Over the Moon A conversation with local artist Micah Moon, whose debut exhibition premieres Aug. 6.

By Ana Hart



micah

Micah Moon looks like he’s just walked off a movie set, or perhaps time traveled to 2016 from the early 1970s. Though unconventional, his look is incredibly put together—something he attributes to his “terrible driving need” to look his best every moment of the day.

“I always say that you never know what is going to happen, so you might as well dress every day in the clothes you want to be found dead in,” he says with a laugh.

His dedication to his aesthetic is fitting: Moon is also a visual artist, and this Saturday, August 6 marks the beginning of his debut exhibition, running through September 1 at The Laughing Pint in Highlandtown. The show will feature the intricate drawings he’s been working on for the last year and a half. It also marks his first official foray into the family business—his parents are both visual artists, and as Moon says, “I learned to hold a pencil properly before I learned to hold a fork.”

I sat down with him to learn more about the pieces, as well as chat art, inspiration and dressing for success.

Gathering No 366
Gathering No 366

 

Ana Hart: Where did you first find inspiration? Where do you draw it from nowadays?

Micah Moon: My early inspiration was definitely the work of Edward Gorey. One of my earliest accomplishment (besides being able to recite the entirety of Wizard of Oz at age four) was memorizing The Gashlycrumb Tinies. I practically slept with the Amphigorey under my pillow. And in a way, that has not changed. I think in terms of inspiration, nothing gets changed, things just get added to. I’m still inspired by the things I’ve always been inspired by, that list has just grown over the years. My parents were big old movie aficionados, and that was definitely passed down to me. I find that I love lots of the images that come out of these old films. The best films are the ones where every frame looks like a painting, even though there is a clear story going on. And that’s one of the things that I definitely wanted to implement into my own work; this sense that there’s a scene going on even if it’s very still, even if it’s internal for the figure—there is something happening. A lot of it, honestly, is based very much in art therapy. I’ve been seeing an art therapist for about eight years now, and I swear it has saved my life. It has added new importance and dimension to my own work. I already knew that artwork, for me, was very therapeutic, but it was nice to finally be able to do it with the intention of it being therapeutic. I think especially with this body of work [at the Laughing Pint], a lot of them are me just working through my own mind, and working through my own problems and anxieties.

"Thinking of you"
“Thinking of you”

AH: What are your plans for your art after this exhibition finishes?

MM: I would love to be able to marry writing and the visual art, as well as hopefully continuing to exhibit my work. I would love to illustrate my own work and to incorporate more of the writing into the work itself. One of my focuses lately has been trying to integrate the two mediums. It’s more of a challenge than I thought it was going to be, especially if I start off with an image and then try and do a story behind it. I find it much easier if I have a story and then decide that I’m going to draw a picture about it. And I find that if I’m thinking about a character that I’m writing about, it helps immensely to draw their picture, because as I’m drawing I really get to know the person.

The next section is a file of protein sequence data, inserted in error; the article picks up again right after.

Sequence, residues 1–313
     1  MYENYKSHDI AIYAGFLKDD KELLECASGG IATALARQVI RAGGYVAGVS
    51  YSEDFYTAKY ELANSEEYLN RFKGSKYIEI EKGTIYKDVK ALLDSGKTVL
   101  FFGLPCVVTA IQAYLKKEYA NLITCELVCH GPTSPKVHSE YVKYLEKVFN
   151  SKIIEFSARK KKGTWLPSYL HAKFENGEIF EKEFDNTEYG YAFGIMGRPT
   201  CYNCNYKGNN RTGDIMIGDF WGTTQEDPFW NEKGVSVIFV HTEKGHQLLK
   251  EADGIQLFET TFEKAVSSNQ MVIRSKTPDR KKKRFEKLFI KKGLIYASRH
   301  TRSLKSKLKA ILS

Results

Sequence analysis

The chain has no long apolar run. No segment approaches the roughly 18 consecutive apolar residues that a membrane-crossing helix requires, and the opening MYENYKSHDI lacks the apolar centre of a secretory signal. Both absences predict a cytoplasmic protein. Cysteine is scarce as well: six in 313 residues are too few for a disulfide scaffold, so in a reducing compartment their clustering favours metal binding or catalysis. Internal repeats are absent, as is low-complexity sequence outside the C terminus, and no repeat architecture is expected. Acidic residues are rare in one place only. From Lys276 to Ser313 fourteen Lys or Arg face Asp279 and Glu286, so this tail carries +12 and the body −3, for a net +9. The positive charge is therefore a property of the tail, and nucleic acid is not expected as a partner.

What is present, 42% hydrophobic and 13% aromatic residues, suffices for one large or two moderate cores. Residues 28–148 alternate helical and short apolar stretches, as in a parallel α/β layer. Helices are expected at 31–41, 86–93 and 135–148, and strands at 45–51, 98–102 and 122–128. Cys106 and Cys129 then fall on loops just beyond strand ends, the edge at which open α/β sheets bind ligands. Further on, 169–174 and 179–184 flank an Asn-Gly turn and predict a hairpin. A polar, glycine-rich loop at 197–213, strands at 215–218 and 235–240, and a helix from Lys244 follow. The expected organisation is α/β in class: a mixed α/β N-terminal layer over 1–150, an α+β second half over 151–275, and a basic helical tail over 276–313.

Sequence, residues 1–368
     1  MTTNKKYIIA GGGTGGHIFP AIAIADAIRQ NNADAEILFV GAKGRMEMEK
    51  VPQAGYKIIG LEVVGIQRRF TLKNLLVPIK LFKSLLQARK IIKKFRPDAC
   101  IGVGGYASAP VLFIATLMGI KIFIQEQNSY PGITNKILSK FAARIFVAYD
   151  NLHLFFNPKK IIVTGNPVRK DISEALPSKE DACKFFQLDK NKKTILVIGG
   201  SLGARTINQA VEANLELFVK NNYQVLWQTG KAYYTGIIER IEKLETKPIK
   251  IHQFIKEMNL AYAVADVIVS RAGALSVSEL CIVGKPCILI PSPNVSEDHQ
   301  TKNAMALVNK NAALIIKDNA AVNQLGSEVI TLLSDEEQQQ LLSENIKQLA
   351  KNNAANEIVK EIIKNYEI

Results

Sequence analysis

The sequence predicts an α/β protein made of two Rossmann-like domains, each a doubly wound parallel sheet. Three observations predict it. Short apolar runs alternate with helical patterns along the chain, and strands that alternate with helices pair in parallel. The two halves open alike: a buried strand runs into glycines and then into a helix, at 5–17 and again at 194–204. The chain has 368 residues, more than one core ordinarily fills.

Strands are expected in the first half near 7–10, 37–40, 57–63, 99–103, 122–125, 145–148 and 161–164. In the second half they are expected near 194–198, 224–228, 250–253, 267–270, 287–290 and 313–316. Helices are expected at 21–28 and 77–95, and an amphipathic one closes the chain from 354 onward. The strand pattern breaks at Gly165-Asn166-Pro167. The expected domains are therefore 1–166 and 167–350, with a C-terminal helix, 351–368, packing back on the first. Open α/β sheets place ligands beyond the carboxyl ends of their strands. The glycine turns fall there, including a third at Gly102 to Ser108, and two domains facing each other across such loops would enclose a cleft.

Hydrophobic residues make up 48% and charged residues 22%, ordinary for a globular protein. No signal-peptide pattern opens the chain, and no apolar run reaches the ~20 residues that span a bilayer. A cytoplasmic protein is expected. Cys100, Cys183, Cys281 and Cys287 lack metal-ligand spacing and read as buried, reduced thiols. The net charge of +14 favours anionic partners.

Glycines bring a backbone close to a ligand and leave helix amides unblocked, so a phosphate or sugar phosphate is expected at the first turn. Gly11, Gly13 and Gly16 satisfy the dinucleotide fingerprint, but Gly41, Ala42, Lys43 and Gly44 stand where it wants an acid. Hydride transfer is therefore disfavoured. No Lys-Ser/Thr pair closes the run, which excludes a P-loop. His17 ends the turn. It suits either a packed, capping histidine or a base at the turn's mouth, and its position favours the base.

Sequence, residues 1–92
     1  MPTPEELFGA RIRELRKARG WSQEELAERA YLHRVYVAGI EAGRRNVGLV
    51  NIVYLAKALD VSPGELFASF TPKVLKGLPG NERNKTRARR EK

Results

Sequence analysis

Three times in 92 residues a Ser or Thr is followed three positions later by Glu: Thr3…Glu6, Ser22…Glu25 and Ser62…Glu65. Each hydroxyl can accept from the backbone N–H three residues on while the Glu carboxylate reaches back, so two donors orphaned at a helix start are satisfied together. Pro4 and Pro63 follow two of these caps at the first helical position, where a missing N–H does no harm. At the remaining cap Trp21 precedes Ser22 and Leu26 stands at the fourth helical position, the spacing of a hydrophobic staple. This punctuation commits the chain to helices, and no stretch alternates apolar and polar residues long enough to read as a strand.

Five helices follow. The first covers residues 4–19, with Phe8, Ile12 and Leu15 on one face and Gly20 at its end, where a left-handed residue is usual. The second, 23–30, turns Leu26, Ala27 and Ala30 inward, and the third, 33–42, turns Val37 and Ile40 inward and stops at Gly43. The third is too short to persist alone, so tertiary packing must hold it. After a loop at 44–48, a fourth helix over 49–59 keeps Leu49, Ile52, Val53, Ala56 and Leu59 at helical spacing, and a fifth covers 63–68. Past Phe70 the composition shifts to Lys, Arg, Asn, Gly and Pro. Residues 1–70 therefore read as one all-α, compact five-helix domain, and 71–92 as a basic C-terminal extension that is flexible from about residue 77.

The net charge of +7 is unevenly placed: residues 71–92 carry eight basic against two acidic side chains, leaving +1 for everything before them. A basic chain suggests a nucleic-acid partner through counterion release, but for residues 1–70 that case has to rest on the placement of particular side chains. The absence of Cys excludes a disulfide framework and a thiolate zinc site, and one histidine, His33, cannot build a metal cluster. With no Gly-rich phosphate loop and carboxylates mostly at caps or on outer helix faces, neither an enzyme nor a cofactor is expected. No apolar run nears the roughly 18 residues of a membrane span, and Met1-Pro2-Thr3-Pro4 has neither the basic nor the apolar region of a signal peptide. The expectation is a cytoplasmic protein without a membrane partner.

AH: Let’s talk about fashion. You have great style and finesse with vintage clothing. How do you decide what to wear when you get dressed in the morning?

MM: Usually I’m trying to balance several things while I’m getting dressed in the morning. It’s a combination of how am I going to appease my own aesthetic and this terrible driving need to look my best all the time, and a necessity to keep myself safe on the streets—because as a queer person on the streets in general, it can be scary. It’s definitely a balancing act of remaining authentic to my own style and not painting a giant target on my back. Some days are better than others. In terms of the style itself, it’s hard for me to describe it because I rely heavily on vintage aesthetics, usually somewhere between the early 1960s and late 1970s. That seems to be what I’m drawn to naturally. I’m a big fan of high-waisted pants, and I will admit I do own more than one pair of bell-bottoms. At the same time, a lot of it has to do again with mental health. Having been bullied in school has definitely influenced my thinking about the way I dress and the choices that I make. Part of my style is trying to protect myself from that kind of treatment, and at the same time rebelling against that anxiety and being fiercely authentic almost to spite the naysayers—depending on how brave I’m feeling that day.

Why wont you stay dead No 2
Why wont you stay dead No 2

What are some of your favorite places to shop for clothing in Baltimore?

The Zone on Charles Street. I have been going there since I was in high school. And one of my new favorite places to go to is Bottle of Bread on Park Avenue. They have vintage clothing, as well as local handmade garments, jewelry, and art. I also go to Milk & Ice Vintage on the Avenue in Hampden. I just went there for the first time not too long ago, having discovered them through Bottle of Bread—although I still shop at the Value Village and Goodwill.

Moon studied theater at the Baltimore School for the Arts before going on to the University of the Arts in Philadelphia to study writing for film and television. These days, he is enrolled at the University of Baltimore, where he is pursuing a degree in English with a focus in creative writing.

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